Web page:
Valentine’s Day is all about bringing people together to celebrate love and to care for those around us in ways that show them just how much they mean to us. At Penn Medicine’s new Pavilion, opening later this year on the Hospital of the University of Pennsylvania (HUP) campus, ways to offer the very best care to our patients and families will be knit into every aspect of the building, for delivery every day of the year.
For one of the many talented couples on the Penn Medicine team, preparing to “move in” to the Pavilion—also known as HUP East — is a family affair and an exciting new chapter for professional collaboration. The holiday of hearts and flowers gave us an opportunity to check in with them about what lies ahead for this milestone moment at Penn Medicine.
Benjamin Abella, MD, MPhil, a professor and vice chair for research in the department of Emergency Medicine, as well as director of the Center for Resuscitation Science, and Ursina Teitelbaum, MD, Deenie Greitzer and Daniel G. Haller Associate Professor and clinical director of the Penn Pancreatic Cancer Research Center, have been married for almost 20 years. In this Q&A, the duo shares their excitement for moving to HUP East and how their work lives will overlap in this building which stands as a new beacon for exemplary care and for the clinical research lighting up the next generation of treatments and cures.
- What aspects of the Pavilion are you most excited about and how do you see it impacting the care you provide?
Abella: Emergency Medicine services at HUP have grown both in size and complexity. This was the case even before COVID-19 appeared on the horizon. The opening of the Pavilion is an exciting moment for Penn — the new space is thoughtfully designed to meet our needs in the Emergency Department (ED) and beyond, from individual ED exam rooms to state-of-the-art technologies for caregivers and patients. As we learned over the last year, the future can be filled with unknowns, so the fact that the Pavilion was designed to quickly and seamlessly adapt with rapidly changing science, medicine, patient care is just incredible.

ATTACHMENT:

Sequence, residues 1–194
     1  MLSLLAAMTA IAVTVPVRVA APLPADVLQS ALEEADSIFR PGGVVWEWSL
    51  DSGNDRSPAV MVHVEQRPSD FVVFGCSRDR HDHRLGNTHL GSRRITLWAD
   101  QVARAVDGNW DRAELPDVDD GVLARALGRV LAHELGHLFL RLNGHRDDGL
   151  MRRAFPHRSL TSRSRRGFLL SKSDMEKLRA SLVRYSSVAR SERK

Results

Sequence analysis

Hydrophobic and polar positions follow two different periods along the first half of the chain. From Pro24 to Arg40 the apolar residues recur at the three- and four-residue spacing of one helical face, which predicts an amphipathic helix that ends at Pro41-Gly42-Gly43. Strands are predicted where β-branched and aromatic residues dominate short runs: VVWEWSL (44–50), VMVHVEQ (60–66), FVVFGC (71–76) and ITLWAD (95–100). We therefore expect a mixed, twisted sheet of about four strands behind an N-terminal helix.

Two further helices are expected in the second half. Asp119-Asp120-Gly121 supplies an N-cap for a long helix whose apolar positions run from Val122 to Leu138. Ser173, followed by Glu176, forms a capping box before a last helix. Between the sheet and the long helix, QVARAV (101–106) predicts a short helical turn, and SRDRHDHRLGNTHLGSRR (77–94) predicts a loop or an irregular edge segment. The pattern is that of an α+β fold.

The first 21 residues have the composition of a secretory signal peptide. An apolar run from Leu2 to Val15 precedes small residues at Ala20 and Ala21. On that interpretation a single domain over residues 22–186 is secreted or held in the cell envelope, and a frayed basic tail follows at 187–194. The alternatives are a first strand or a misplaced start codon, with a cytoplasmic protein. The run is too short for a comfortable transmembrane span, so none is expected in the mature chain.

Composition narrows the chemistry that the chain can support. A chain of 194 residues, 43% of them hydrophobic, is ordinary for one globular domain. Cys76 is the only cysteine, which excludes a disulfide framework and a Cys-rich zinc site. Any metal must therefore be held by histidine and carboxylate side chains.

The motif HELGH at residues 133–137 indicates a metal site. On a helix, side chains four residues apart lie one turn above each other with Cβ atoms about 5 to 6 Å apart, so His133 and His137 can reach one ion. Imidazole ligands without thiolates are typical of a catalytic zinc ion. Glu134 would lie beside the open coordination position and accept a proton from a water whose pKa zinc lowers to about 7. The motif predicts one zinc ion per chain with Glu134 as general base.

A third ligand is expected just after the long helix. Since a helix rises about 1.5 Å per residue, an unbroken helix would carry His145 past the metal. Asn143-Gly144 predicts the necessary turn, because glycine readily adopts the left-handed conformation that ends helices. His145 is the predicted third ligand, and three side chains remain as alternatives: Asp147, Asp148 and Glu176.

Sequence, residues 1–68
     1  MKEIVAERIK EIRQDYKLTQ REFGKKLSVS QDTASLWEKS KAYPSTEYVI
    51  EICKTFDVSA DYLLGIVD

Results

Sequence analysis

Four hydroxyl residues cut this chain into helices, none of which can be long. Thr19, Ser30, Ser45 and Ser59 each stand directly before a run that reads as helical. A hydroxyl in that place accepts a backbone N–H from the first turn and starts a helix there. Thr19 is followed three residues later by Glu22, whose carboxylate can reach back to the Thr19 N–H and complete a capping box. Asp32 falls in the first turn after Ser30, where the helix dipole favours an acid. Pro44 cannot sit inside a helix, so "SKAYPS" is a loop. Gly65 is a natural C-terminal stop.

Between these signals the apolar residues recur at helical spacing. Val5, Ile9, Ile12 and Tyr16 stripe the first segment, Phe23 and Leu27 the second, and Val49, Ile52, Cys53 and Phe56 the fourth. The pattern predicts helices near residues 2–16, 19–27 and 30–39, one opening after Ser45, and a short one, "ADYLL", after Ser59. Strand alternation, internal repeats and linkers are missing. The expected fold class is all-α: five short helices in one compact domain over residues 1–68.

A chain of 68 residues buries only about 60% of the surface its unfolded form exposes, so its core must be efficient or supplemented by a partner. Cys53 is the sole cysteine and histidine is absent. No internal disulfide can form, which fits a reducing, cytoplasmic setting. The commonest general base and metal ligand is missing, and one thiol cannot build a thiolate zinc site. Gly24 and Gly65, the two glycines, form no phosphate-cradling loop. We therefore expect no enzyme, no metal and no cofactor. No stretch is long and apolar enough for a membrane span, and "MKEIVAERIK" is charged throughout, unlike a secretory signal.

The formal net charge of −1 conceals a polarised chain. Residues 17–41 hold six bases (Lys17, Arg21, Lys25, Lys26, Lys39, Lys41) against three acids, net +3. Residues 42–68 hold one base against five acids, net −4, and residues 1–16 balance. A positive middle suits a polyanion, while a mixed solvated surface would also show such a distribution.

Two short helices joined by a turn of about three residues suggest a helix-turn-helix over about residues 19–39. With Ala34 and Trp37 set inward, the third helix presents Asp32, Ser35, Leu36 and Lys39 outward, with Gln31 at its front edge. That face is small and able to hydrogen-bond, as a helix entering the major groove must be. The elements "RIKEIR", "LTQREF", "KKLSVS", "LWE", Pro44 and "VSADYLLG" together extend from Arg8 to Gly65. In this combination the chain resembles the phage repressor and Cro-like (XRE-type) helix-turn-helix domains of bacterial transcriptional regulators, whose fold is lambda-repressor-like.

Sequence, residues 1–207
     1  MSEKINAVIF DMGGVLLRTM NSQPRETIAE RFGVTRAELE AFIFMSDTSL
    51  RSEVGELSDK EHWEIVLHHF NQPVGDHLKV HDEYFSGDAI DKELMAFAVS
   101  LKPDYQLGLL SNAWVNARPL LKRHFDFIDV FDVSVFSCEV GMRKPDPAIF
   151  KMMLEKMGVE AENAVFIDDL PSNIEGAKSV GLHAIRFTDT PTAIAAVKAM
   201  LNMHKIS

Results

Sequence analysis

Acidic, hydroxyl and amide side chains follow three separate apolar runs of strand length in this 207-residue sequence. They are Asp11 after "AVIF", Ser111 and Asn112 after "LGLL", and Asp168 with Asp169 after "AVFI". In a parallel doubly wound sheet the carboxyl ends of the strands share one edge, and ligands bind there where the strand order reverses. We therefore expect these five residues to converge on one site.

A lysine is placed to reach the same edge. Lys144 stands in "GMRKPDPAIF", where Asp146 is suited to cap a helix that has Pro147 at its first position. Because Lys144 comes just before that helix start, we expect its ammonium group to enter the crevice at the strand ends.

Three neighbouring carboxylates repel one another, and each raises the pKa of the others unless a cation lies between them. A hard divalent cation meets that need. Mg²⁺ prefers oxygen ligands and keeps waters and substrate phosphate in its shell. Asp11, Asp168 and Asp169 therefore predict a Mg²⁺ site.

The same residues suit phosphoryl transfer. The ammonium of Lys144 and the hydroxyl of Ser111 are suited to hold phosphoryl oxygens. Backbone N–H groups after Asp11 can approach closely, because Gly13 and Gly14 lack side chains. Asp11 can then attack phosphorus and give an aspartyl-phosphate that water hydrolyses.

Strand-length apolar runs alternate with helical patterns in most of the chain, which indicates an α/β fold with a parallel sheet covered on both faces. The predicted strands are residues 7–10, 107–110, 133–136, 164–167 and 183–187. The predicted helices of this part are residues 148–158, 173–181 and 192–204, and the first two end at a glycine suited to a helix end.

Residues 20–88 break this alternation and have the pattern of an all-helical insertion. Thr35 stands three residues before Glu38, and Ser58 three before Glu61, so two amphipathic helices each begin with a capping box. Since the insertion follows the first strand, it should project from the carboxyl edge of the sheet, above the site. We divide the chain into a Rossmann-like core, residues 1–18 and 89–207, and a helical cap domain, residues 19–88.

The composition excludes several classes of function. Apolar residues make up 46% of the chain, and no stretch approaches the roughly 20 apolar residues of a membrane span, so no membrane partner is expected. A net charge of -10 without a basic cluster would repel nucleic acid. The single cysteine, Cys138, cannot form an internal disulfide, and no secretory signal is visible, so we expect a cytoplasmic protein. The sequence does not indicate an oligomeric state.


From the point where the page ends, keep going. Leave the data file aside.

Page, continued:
Teitelbaum: I’m looking forward to the integrated care, especially having everything closer to my clinic to make it easier to visit patients in the ED and dedicated oncology units. Since each floor is thoughtfully designed for ease of care, you don’t have to run around the hospital to see your inpatients on service or when making outpatient visits. I’m also excited about all the technologic advancements in the patients’ rooms to enhance their communication with the teams and with their loved ones.
- Dr. Teitelbaum, you’ve mentioned that the Pavilion is almost like a “family project.” Can you explain what the Pavilion means to you?
Abella: Ursina and I often feel like we have a little “family business.” I help her think through problems when her patients have an urgent condition, and she helps guide me when I take care of her cancer patients in the ED. Now that the Pavilion is a little closer to her clinic, I suspect it will help us make the connections more easily.